Civil Legal Aid for Children

Download this page as a [PDF]


Civil legal aid changes lives for children and their families who need help with a wide range of serious issues, including protecting a student’s rights at school. Learning loss during the COVID-19 pandemic is still affecting children in elementary, middle, and high schools across Massachusetts. The impact is particularly detrimental to students who need special education, remedial programs, behavioral interventions, and other supportive services.

Civil legal aid attorneys help children and families address:

  • Access to equal education and opportunities regardless of race, ethnicity, gender, language, or disability
  • Trauma that affects a child’s ability to succeed in school
  • Guardianship, custody, domestic violence, and other family law issues
  • Public benefits for families, including SNAP, disability benefits, emergency assistance, and access to health care
  • Immigration, asylum, and family separation

People and families with incomes at or below 125% of the federal poverty level ($39,000 per year for a family of four; $18,825 for an individual) qualify for civil legal aid.

A multi-ethnic group of elementary age children are getting on a school bus. The kids' backs are to the camera. They are running towards the school bus which is parked with its door open. It's a rainy day and the kids are wearing jackets, rain boots and backpacks.

11.5% of Massachusetts children live below the poverty threshold.

Pablo’s Story

Pablo (name changed for privacy) is a seventh grader who has autism, an intellectual disability, and dyslexia. After receiving an independent assistive technology evaluation, Pablo’s parents reached out to a civil legal aid organization for help ensuring his school implemented the evaluator recommendations, which were not on his current Individual Education Plan (IEP). The new recommendations included providing headphones, text-to-speech software, and training to support Pablo’s use of his new technology.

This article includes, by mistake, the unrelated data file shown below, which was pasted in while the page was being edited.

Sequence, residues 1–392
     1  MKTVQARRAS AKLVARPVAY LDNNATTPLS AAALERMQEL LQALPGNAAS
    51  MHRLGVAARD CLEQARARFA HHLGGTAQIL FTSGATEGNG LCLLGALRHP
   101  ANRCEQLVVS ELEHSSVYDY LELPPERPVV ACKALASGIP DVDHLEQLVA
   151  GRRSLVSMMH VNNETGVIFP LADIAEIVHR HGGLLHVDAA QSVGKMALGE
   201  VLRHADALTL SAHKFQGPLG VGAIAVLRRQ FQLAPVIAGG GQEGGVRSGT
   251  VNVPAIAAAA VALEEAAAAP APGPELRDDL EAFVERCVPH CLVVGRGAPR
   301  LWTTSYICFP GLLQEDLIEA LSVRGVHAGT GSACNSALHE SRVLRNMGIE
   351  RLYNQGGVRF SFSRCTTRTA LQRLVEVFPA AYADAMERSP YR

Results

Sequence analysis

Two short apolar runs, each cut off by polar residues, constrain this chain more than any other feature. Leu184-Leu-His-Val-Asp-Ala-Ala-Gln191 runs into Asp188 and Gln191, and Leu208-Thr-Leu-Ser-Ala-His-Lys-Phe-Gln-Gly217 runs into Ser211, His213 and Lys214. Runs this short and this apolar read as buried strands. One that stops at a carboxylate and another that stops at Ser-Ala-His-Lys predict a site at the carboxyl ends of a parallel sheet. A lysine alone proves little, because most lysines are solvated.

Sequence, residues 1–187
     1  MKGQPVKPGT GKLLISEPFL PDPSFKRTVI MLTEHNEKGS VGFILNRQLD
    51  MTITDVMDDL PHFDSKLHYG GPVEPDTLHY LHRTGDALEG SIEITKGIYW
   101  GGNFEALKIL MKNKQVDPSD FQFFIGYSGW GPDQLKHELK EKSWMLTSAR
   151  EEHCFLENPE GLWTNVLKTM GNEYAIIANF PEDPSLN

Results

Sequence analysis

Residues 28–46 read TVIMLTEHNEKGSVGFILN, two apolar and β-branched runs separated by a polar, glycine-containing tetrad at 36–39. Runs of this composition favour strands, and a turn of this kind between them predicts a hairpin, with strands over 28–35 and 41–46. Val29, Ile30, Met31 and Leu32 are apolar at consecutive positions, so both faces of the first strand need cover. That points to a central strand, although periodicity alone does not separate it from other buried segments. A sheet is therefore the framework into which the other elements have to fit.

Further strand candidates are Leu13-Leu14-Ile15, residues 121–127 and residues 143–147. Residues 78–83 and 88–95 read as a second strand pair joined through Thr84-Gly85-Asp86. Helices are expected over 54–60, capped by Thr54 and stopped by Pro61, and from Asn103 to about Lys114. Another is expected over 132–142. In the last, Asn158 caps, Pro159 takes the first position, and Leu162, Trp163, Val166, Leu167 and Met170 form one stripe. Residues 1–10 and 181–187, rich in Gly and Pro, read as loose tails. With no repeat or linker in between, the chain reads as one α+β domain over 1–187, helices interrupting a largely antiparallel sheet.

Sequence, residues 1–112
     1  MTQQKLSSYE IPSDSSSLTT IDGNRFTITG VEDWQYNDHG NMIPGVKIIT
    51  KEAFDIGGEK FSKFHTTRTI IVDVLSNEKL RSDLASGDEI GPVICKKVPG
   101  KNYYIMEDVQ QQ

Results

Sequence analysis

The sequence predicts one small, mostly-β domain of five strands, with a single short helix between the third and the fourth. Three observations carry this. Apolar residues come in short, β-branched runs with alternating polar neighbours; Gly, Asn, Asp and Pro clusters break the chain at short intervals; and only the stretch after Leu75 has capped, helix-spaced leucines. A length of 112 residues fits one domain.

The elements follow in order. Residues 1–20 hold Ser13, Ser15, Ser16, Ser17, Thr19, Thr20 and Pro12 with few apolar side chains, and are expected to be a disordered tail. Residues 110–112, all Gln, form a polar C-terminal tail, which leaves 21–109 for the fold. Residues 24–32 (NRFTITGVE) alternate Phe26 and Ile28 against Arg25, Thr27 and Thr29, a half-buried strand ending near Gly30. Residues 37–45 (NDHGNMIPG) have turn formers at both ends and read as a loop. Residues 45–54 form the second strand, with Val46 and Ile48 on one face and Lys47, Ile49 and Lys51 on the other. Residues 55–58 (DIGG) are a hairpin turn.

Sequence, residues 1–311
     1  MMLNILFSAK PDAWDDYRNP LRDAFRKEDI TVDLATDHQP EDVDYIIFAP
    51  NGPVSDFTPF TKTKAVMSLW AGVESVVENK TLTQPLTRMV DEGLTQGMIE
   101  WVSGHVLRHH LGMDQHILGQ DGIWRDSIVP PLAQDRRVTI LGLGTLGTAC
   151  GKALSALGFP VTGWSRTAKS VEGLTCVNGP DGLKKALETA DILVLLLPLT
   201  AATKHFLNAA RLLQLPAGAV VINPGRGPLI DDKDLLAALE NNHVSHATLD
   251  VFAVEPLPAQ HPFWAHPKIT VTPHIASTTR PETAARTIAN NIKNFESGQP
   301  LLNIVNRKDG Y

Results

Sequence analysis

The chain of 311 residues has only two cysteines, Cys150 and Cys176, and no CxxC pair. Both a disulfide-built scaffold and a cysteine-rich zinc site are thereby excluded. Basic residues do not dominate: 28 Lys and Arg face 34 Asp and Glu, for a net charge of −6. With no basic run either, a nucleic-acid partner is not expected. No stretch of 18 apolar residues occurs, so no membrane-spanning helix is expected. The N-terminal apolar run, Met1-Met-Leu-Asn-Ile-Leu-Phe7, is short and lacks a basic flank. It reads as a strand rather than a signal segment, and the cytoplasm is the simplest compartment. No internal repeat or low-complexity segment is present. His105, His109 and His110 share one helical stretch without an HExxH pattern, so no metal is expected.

Legal aid staff drafted a revision of Pablo’s IEP and advocated for his parents’ concerns during IEP meetings. As a result, the IEP team agreed to include all the new recommendations in Pablo’s IEP. With these supports in place, Pablo achieved his annual goals for both reading and writing.

Legal Aid in FY23

2,695 children benefitted from the direct representation of legal aid lawyers. Thousands more benefitted from services provided to family members.

11% of legal aid clients were under 18 years old.

High Quality Education for All

In FY22, MLAC received special one-time funding from the state legislature for the “High Quality Education for All” (HQEA) initiative.

Eight legal aid organizations received grants to address systemic challenges faced by children from families with low incomes, with a special focus on those for whom the effects of the COVID-19 pandemic continue to be particularly disruptive and traumatic. The project targets policies and practices that have a disparate, adverse impact on protected groups of students and impede their opportunities to learn.

In FY23, HQEA grantees resolved a total of 155 education cases for clients and their families. They also held 22 informational sessions/ trainings for community members and social service workers.

Legal Aid: A Sound Investment

Nearly $100 million in economic benefits were provided by legal aid to the Commonwealth and its residents last year, including more than $3.7 million in total lifetime child support secured through legal advocacy.